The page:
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Does anybody have a recommenation for building ASP.Net MVC application in pluggable modular way? I mean some blog-posts/tutorials etc. I just read Hammet's MEF and ASP.NET MVC sample blogpost, but I dont find MEF mature enough to use it in production yet. I wasn't able to google out any other relevant posts on this topic...

I know I could achieve the modularity implementing custom ControllerProvider and some plugin-inspection mechanism, but I'd like to study some more approaches/best practices before I start to reimplement the wheel :)

The modularity I mean by this topic should cover just the web application point of view - nothing other like modular app model/services etc. I'd like to find best possible method to separate one web app into multiple assemblies which would contain additional controllers, views, resources, JS+CSS files, images etc. So there should be some main web app project which would look for available pluggable web app assemblies, load them, publish their controllers, make their views and other resources available and probably prepare some menu with entry for each web app module.

I don't want to discuss any model+services pluggable architecture here - just the ASP.Net M**VC** part.

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I'm looking at doing something very similar in the near future, so far I haven't found anything that does this 'out of the box'. It should however be relatively simple to do this manually, just iterate assemblies in bin and look for inheritors of a certain interface. I think... –  roryf Apr 24 '09 at 8:40

7 Answers 7

Modularity is quite a broad concept, and I think that the answer to your question just has to be subjective. What you are asking about is an architectural decision, and there is no one good way to go about it. Depending on the project, you may have different priorities and importance of different parts of the system. I think that the MVC pattern provides enough separation of concerns, which is actually the purpose of each modular architecture.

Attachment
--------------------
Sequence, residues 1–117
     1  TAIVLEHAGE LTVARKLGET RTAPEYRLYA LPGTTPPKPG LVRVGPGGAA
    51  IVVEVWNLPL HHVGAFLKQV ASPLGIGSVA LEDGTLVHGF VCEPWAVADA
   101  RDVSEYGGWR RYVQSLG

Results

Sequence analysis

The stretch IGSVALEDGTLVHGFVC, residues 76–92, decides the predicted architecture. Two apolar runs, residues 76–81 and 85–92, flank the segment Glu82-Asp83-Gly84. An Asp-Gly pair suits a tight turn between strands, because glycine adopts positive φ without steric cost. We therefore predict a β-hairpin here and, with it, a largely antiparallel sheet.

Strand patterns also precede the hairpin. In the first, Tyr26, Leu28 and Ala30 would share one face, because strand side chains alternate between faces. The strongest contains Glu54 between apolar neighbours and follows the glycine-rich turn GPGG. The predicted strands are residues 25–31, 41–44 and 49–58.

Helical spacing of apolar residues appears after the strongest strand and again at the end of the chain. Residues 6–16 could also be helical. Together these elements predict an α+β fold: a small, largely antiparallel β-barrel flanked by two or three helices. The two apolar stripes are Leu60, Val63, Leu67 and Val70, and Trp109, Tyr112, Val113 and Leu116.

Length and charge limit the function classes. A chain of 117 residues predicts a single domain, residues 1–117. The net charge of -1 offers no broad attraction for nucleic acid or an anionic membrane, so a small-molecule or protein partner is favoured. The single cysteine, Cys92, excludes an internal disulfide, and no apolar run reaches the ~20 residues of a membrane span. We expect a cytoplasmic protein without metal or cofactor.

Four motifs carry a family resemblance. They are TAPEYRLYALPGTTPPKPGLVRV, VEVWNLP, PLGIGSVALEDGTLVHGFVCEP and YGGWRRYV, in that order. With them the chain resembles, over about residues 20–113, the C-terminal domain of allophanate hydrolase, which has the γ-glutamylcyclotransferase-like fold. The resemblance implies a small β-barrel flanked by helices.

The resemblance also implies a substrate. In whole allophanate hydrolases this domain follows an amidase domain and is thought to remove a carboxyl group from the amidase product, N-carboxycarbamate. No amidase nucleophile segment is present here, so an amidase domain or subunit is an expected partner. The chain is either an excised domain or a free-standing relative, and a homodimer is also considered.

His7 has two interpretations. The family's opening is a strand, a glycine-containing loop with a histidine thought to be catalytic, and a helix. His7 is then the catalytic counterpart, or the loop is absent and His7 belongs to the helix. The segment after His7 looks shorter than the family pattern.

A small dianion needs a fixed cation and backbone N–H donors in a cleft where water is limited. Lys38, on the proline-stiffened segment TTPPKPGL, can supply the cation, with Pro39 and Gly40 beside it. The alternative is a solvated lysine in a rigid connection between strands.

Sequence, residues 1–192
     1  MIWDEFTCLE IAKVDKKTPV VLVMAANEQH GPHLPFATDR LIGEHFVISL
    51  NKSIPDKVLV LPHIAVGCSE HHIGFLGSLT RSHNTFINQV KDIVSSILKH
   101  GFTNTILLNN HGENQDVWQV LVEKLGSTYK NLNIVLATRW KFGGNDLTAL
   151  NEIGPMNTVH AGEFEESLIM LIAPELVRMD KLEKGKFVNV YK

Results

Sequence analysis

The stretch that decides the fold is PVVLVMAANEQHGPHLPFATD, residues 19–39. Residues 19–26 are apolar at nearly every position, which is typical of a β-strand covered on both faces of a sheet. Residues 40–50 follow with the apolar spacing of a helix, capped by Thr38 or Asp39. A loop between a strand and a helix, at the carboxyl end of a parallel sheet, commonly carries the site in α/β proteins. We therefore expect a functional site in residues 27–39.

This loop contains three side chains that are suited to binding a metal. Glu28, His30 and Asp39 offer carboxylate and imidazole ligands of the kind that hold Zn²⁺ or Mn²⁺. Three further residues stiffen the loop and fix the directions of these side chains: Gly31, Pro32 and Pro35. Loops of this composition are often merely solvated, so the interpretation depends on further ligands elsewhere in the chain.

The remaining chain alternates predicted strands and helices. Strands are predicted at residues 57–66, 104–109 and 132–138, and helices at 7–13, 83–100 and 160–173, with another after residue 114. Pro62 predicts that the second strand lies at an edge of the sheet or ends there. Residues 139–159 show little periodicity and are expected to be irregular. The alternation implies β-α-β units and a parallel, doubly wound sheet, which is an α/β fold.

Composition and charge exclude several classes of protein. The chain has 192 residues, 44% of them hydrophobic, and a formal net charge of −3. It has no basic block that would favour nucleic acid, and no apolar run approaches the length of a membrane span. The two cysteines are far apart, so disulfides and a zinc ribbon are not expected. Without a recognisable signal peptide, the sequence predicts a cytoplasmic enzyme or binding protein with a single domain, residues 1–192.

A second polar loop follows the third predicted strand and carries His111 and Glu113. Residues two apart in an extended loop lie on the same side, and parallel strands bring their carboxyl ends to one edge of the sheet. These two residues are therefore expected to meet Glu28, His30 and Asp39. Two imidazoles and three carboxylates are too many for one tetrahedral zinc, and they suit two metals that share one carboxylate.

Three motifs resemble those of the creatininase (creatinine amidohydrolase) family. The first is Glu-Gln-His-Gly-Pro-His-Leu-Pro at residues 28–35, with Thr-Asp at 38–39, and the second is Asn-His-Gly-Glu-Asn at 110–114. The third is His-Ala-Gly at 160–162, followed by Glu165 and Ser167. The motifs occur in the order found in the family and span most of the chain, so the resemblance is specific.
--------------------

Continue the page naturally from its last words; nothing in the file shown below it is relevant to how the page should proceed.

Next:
If you want to be able to plug a new modules easily in the existing application, then how do you define a module? I think you should narrow down the question a bit to get some non-vague and meaningful answers.

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you're right - I tried to edit the post to narrow the topic down.. –  Buthrakaur Apr 24 '09 at 8:36

The support for partial-requests to render 3rd part controllers is fully supported in the MVC, take a look at this post: http://blog.codeville.net/2008/10/14/partial-requests-in-aspnet-mvc/

Obviously, a module in a MVC would contain at least a Controller and one or several Views. But perhaps what you wanted is only the few, and thus it's much easier to rewrite the controller, than if it was traditional WebForms architecture.

Or perhaps you want to replace the data source, simply override the methods in the Model entity, and you're up and running. It's the whole core principal in MVC, that you seperate the different tiers of logic, and that you're FORCED to do it, unlike WebForms that still allows you to do SQL directly in your view if you link.

(That MVC also supports it is not by design, but by inheritance.)

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up vote 1 down vote accepted

MVC Portable Areas could be nice solution to this problem

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I found an article that addresses some of the fundamental requirements you talk about. Unfortunately the article was about a year out of date, using ASP.NET MVC 3, so I rewrote it and tested the methodology to make it work with ASP.NET MVC 4. You can read it here.

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The basic arguments for modularity are always the same...

  • Testability
  • Maintainability
  • Ease of deployment
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As a starting point, you could grab some ideas from this article:

Spark View Engine - Modularity

And the sample code:

spark / src / Samples / Modules

The code is in the Spark View Engine tree (which is a very nice and powerful project) but doesn't have much to do with it. It uses Castle to build up dependencies and all that stuff.

By the way, I've been messing with MEF but I don't really see the benefits right now and the things I needed to do can be done with Castle and some tooling (helpers to query assemblies and things like that).

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I understand that this question has already bee answered. But, I've been searching around for more current answers on this topic. I've looked at Areas, as the original answer suggests, but also came across the following links (Part 1 and Part 2) by Liviu Ignat, which answered this question from a pluggable module perspective.

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